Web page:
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  Bimetallism, in economics, as its name implies, is a monetary system using two metals rather than just one as a nation\'s money. (The metals are usually gold and silver.) Historically, bimetallism was supported by those who felt that the use of just one metal would unduly restrict the supply of money and depress the general price level, at a time when it was considered that money on intrinsic value was the only ‘good’ money. (In that view it is permissible, for convenience, to print paper money only so long as it is backed 100% by precious metal.)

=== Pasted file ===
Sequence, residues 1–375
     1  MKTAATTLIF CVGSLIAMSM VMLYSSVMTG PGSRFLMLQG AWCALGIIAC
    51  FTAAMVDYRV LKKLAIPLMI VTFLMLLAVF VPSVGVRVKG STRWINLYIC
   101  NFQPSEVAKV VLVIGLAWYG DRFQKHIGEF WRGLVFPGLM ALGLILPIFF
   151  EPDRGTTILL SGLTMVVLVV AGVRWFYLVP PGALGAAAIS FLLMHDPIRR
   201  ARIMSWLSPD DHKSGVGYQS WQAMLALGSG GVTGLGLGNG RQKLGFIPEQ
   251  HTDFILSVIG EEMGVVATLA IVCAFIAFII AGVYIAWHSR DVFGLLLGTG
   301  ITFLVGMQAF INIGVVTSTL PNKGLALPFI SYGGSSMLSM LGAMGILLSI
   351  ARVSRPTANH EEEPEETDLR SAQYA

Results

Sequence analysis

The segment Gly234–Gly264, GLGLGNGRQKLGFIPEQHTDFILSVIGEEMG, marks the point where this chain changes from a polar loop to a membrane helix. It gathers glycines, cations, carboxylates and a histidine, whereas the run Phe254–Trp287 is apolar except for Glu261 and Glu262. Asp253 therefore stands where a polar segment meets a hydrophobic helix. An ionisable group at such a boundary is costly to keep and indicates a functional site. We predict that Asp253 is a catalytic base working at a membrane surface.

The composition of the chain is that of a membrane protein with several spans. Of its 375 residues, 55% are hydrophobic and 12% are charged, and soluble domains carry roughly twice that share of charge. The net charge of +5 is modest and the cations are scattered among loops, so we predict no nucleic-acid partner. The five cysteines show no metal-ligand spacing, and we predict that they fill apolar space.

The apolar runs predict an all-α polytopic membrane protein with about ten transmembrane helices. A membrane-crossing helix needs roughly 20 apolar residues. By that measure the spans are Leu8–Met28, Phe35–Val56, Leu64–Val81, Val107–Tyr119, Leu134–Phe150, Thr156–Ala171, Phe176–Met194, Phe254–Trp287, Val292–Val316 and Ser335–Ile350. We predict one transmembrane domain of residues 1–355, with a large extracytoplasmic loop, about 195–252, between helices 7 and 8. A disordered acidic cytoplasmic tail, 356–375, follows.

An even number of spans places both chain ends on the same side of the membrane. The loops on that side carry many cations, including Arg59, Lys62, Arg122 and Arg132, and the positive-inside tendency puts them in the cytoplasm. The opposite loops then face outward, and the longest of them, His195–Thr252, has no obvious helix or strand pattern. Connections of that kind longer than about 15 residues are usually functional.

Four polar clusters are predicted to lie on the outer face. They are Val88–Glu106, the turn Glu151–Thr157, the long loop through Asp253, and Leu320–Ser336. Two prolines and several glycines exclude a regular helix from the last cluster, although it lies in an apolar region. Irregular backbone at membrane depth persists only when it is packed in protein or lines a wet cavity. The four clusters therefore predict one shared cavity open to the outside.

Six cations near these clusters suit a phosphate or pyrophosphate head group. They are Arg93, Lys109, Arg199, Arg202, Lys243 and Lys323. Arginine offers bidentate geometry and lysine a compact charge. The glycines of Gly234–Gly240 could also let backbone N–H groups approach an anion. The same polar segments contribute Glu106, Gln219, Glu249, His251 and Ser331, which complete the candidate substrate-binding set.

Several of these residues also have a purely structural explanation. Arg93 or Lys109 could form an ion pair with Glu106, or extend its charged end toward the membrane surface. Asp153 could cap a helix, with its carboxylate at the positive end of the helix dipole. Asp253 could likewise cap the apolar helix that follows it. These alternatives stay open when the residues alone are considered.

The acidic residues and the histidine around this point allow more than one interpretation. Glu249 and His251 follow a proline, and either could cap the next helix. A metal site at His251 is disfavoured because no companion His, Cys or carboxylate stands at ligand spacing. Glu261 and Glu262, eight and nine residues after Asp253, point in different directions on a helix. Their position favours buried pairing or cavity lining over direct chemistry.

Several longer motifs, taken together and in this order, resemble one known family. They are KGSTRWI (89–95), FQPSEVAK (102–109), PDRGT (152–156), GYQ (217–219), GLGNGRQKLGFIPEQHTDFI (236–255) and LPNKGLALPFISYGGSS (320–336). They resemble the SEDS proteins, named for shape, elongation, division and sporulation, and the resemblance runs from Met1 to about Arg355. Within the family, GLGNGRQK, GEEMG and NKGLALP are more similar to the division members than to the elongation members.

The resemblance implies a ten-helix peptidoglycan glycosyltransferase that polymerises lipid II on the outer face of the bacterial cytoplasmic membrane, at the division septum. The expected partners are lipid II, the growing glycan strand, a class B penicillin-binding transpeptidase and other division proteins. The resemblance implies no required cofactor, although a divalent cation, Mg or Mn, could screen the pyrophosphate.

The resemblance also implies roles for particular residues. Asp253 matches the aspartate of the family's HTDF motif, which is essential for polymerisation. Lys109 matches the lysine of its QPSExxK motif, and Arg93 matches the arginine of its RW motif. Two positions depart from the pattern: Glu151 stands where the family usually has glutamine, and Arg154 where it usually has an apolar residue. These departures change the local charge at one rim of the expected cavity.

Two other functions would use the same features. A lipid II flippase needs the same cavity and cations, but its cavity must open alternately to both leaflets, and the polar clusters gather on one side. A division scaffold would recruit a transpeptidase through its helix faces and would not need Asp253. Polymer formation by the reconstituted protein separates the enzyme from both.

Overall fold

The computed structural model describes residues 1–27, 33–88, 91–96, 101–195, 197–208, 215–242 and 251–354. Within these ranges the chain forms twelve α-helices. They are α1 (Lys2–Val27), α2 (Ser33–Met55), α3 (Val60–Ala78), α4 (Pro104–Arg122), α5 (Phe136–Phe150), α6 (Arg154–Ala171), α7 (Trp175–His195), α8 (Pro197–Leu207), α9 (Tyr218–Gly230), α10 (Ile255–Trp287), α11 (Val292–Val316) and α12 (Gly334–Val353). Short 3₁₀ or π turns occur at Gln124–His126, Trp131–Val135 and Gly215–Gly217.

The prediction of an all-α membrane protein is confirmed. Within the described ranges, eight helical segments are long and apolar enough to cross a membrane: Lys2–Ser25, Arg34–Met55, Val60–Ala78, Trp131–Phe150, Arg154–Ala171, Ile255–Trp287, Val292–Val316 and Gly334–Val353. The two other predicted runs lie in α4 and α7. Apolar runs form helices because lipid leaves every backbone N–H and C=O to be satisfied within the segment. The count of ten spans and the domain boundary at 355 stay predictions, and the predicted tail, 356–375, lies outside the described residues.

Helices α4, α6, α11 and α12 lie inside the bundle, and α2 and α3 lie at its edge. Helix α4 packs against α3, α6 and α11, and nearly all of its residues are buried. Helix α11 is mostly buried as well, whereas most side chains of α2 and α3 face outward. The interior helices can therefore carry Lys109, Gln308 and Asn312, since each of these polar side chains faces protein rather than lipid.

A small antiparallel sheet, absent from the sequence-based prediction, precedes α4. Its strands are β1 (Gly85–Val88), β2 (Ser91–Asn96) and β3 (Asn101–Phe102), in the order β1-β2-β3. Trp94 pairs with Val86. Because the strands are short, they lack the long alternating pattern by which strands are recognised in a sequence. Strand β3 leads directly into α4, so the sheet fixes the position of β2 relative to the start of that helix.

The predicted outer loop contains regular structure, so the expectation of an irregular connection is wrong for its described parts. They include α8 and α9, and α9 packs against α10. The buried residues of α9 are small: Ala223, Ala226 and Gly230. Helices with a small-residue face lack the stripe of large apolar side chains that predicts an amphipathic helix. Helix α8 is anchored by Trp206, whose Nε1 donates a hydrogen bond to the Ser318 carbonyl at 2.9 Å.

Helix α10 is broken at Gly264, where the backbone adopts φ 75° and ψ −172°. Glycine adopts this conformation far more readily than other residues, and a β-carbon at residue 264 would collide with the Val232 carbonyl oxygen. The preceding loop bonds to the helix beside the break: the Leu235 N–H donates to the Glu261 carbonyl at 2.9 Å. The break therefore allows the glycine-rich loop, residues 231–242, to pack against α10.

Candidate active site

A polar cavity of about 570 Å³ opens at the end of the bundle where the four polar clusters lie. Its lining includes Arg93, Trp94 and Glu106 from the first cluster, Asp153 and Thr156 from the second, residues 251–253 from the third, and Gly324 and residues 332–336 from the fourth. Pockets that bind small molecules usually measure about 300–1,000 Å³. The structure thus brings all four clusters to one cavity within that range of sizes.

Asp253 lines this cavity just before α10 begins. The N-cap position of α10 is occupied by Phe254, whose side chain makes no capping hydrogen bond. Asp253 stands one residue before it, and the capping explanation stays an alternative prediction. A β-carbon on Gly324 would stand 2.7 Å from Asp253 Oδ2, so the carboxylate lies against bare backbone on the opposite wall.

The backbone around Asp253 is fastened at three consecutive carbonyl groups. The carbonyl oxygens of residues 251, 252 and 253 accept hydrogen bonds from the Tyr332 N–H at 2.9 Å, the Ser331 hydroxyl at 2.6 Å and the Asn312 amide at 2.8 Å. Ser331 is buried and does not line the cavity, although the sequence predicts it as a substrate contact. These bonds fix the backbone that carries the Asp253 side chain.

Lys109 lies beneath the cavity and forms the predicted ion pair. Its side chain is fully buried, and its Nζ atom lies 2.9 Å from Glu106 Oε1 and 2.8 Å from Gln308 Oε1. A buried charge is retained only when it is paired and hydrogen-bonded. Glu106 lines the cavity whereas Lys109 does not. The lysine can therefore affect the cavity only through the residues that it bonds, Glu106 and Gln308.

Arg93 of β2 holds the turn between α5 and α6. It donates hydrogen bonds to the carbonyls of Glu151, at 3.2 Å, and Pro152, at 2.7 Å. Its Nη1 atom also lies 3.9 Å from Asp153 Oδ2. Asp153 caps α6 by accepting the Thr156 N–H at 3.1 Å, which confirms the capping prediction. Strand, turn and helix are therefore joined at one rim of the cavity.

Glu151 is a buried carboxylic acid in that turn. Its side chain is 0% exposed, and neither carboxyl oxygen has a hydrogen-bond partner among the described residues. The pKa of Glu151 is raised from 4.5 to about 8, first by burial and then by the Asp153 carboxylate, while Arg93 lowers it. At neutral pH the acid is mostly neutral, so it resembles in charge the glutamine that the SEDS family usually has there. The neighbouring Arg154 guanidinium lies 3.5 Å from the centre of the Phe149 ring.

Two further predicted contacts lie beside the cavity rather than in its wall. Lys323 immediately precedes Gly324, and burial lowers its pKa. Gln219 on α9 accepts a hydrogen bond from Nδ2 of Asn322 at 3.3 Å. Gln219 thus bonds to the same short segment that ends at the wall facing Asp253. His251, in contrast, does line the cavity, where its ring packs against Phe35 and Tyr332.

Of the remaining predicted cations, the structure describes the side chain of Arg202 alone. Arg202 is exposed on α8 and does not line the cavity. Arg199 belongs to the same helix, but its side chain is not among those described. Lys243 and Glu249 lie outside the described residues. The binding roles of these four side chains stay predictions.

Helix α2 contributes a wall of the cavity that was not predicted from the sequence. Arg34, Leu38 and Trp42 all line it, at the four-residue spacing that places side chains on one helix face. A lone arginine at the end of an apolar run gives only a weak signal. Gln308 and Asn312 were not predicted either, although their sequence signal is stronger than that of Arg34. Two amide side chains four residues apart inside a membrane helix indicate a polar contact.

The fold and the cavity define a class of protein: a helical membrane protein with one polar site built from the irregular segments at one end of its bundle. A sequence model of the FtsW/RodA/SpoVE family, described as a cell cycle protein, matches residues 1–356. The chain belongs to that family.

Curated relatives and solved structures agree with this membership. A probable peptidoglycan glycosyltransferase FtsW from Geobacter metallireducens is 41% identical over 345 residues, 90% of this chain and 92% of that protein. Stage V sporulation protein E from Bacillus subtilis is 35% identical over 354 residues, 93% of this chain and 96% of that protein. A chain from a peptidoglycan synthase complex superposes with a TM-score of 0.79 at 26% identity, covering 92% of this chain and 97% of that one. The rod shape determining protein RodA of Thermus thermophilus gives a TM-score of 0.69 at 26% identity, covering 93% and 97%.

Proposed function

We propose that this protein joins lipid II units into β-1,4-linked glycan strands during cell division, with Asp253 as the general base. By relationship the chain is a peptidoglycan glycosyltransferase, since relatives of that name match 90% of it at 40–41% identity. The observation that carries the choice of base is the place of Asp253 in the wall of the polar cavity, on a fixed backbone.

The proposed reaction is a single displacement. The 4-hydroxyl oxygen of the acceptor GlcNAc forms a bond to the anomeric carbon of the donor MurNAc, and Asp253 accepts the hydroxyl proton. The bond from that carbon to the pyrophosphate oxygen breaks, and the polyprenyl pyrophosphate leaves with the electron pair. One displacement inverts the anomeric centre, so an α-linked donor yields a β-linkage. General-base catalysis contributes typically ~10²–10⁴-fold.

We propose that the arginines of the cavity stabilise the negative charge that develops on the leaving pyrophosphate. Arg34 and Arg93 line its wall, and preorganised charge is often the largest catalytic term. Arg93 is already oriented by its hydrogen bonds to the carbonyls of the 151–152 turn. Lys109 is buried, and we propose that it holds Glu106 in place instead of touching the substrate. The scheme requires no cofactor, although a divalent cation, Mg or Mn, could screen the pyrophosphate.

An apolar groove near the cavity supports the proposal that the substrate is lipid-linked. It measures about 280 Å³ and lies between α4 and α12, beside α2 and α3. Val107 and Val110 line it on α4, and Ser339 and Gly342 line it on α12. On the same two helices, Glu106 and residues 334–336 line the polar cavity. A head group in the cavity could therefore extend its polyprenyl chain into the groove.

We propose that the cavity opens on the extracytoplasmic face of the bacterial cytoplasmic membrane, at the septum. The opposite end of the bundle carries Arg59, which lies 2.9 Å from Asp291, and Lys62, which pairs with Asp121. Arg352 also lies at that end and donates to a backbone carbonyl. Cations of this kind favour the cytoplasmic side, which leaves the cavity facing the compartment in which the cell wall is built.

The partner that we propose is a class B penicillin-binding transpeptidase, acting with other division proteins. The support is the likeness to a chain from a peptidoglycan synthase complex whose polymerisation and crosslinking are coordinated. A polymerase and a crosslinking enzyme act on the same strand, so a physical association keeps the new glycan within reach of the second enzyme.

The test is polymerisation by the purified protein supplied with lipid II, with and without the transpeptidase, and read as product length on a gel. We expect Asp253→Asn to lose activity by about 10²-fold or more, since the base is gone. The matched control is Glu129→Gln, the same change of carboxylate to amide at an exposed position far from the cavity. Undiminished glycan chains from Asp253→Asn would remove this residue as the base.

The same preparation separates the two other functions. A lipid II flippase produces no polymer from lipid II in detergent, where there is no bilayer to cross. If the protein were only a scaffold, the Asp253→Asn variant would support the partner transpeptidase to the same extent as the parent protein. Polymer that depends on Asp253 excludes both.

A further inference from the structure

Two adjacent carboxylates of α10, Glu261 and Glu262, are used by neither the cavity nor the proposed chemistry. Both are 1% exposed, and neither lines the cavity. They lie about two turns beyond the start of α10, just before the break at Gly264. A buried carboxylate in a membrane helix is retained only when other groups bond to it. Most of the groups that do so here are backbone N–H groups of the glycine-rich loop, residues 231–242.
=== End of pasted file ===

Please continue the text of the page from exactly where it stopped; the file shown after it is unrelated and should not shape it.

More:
An official exchange rate must be established between the two metals, represented by the weight of each metal in coins of the same denomination. When the USA was on a bimetallic standard for a time in the 19th century, complications arose when the market price ratio for the two metals differed from the official price ratio per ounce as used in coins. It proved impossible to keep both metals in circulation because the market price often differed from the mint price and people would melt down the dearer coins (to get the market value of the metal). Hence Gresham\'s Law: Bad money drives out good. TF



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